37. Eyeteeth/canines were so bad for us that I have blocked it out. But I remember (can’t find it in my archives) blogging at the time something like “all four canines coming in at once AAARRRGHHH!!!!” So bad that I didn’t even notice when the molars came in, and a few weeks ago was brushing my daughter’s teeth and went, Huh, she has all her molars now? When did that happen?So yeah, no advice, just sympathy. And this too shall pass.

  38. Eyeteeth/canines were so bad for us that I have blocked it out. But I remember (can’t find it in my archives) blogging at the time something like “all four canines coming in at once AAARRRGHHH!!!!” So bad that I didn’t even notice when the molars came in, and a few weeks ago was brushing my daughter’s teeth and went, Huh, she has all her molars now? When did that happen?So yeah, no advice, just sympathy. And this too shall pass.

  39. Infant Motrin or Advil or Children’s. Either. Just make sure your dosage is correct based upon the child’s weight. If it’s liquid, you actually give more of the children’s because it is less concentrated. I give the tablets. 1 tablet is 100 mg so it works for our weight range.

  40. Infant Motrin or Advil or Children’s. Either. Just make sure your dosage is correct based upon the child’s weight. If it’s liquid, you actually give more of the children’s because it is less concentrated. I give the tablets. 1 tablet is 100 mg so it works for our weight range.

  41. Had good luck with Tylenol. I originally thought, oh, we shouldn’t give him drugs, blah blah blah, but at my mom’s urging we finally gave him some, and that stuff sure works! And, really, who am I to say that he shouldn’t get some relief?

  42. Had good luck with Tylenol. I originally thought, oh, we shouldn’t give him drugs, blah blah blah, but at my mom’s urging we finally gave him some, and that stuff sure works! And, really, who am I to say that he shouldn’t get some relief?

  43. All I can say is “Oh yes, THE WORST”, by a long shot. I remember clearly. Eye teeth and pre-molars. Brutal. Highly recommend Motrin. (per doctor: tylenol better for fever, motrin better for pain). good luck!

  44. All I can say is “Oh yes, THE WORST”, by a long shot. I remember clearly. Eye teeth and pre-molars. Brutal. Highly recommend Motrin. (per doctor: tylenol better for fever, motrin better for pain). good luck!

  45. ummmm…. (hides under table) …cold wash cloths work for us πŸ˜‰ but my daughter is only 8 months and cutting her upper front teeth, so it sounds like it isn’t as bad as eyeteeth.We also love Sophie the Giraffe (bought it after reading comments on a different teething post on this site)…worth every penny.

  46. ummmm…. (hides under table) …cold wash cloths work for us πŸ˜‰ but my daughter is only 8 months and cutting her upper front teeth, so it sounds like it isn’t as bad as eyeteeth.We also love Sophie the Giraffe (bought it after reading comments on a different teething post on this site)…worth every penny.

  47. Be careful with the Motrin as it can cause stomach bleeding with overuse/large doses.My son pushed all his teeth through by 26 months, starting at 4 months. It really, really sucked at the time, but I was thankful later that we just got it over with.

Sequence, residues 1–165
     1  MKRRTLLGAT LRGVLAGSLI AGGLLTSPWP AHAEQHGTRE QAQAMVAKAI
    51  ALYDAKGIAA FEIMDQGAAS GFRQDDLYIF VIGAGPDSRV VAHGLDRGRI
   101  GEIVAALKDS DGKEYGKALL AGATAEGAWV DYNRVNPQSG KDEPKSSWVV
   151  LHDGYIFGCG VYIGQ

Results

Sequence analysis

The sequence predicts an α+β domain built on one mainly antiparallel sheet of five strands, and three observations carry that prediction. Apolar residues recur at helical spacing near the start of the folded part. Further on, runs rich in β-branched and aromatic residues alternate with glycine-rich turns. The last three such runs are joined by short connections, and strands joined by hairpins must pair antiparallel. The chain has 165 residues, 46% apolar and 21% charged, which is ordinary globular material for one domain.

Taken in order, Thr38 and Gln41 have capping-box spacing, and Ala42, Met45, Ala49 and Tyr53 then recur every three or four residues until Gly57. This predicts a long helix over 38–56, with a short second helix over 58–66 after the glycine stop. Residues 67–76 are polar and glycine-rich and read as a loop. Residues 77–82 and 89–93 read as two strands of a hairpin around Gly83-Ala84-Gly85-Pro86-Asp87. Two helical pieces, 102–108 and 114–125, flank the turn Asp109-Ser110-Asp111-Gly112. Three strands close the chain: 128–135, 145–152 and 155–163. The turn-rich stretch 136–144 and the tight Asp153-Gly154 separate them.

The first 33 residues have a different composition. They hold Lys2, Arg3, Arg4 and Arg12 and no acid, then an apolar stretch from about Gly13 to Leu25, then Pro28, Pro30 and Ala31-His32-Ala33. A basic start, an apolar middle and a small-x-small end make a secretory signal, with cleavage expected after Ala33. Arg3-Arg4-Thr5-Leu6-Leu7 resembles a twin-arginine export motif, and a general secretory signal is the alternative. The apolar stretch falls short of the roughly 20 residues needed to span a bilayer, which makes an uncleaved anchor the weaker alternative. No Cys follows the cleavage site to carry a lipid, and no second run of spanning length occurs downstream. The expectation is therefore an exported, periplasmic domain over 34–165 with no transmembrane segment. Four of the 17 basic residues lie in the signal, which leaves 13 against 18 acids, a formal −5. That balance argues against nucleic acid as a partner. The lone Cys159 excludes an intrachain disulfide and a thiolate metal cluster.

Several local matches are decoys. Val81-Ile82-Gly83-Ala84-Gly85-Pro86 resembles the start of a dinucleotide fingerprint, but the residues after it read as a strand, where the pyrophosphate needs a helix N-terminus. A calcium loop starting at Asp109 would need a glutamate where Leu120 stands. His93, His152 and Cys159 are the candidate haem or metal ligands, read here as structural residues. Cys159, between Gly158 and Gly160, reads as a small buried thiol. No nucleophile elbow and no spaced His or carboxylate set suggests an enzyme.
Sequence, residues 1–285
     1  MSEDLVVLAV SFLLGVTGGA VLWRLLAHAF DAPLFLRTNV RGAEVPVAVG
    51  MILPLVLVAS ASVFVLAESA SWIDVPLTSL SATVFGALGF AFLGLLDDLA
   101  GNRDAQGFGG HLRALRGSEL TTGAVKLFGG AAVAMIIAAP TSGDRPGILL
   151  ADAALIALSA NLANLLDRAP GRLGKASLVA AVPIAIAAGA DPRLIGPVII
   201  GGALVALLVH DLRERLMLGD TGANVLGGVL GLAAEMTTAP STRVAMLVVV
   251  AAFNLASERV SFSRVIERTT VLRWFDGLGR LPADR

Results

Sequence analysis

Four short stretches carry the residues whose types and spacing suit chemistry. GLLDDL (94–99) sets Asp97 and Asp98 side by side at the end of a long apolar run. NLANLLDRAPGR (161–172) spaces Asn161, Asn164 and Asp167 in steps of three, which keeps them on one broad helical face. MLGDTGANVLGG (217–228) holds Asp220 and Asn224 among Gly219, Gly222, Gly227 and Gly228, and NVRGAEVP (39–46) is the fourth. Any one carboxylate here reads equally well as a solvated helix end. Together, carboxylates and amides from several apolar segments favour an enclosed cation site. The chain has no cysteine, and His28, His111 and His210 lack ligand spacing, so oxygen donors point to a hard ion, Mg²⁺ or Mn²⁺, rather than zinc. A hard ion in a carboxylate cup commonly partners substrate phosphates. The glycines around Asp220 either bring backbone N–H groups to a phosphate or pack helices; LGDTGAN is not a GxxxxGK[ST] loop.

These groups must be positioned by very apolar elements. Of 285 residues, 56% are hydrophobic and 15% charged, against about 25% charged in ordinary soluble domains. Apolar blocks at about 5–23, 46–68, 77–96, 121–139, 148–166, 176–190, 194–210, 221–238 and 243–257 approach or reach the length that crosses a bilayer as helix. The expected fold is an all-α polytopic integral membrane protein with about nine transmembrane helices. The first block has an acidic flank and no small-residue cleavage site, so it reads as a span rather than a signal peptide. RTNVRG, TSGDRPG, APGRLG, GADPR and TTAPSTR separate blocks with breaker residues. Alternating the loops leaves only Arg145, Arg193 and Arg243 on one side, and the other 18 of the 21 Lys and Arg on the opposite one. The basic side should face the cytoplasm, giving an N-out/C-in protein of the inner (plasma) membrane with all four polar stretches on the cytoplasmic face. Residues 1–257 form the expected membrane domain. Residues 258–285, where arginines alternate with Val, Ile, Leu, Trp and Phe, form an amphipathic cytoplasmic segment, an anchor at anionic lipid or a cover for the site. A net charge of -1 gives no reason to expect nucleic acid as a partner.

And yes, the endless cold washcloth advice made me want to stuff one down the advisor’s throat. I had visions of yelling at them as they flailed, “How do you like it!? How’s it feel?!” But that was just the sleep deprivation…..

  48. Be careful with the Motrin as it can cause stomach bleeding with overuse/large doses.My son pushed all his teeth through by 26 months, starting at 4 months. It really, really sucked at the time, but I was thankful later that we just got it over with.
    And yes, the endless cold washcloth advice made me want to stuff one down the advisor’s throat. I had visions of yelling at them as they flailed, “How do you like it!? How’s it feel?!” But that was just the sleep deprivation…..

  49. Thank goodness for this post…my 20 month old is in the middle of getting all 4 canines/incisors(?) AND I’m guessing a slightly delayed 18 mos. sleep regression. Its great to get support for the By Any Means Necessary approach because SERIOUSLY. I work 40 hours outside the home and am functioning on 3-4 hours of sleep per night.Good to know there is light at the end of the tunnel…I just wish I could see it!

  50. Thank goodness for this post…my 20 month old is in the middle of getting all 4 canines/incisors(?) AND I’m guessing a slightly delayed 18 mos. sleep regression. Its great to get support for the By Any Means Necessary approach because SERIOUSLY. I work 40 hours outside the home and am functioning on 3-4 hours of sleep per night.Good to know there is light at the end of the tunnel…I just wish I could see it!

  51. My girl is 22 months and has been working on the eye teeth or about 5 months now. When I say working on, I mean jamming her index fingers in the gap and chomping HARD and leaving marks on her fingers. The two bottom ones are really close to breaking through. She tends to teethe in batches (4 or 5 teeth at once, complete with fevers, diaper rash, snot everywhere and cranky cranky cranky), so I’m expecting the 4 will all come through together.

  52. My girl is 22 months and has been working on the eye teeth or about 5 months now. When I say working on, I mean jamming her index fingers in the gap and chomping HARD and leaving marks on her fingers. The two bottom ones are really close to breaking through. She tends to teethe in batches (4 or 5 teeth at once, complete with fevers, diaper rash, snot everywhere and cranky cranky cranky), so I’m expecting the 4 will all come through together.